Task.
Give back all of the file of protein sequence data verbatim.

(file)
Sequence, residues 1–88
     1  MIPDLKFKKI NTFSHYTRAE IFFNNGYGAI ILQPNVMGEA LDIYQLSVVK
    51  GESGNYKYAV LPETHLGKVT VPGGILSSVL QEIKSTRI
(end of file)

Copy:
Sequence, residues 1–88
     1  MIPDLKFKKI NTFSHYTRAE IFFNNGYGAI ILQPNVMGEA LDIYQLSVVK
    51  GESGNYKYAV LPETHLGKVT VPGGILSSVL QEIKSTRI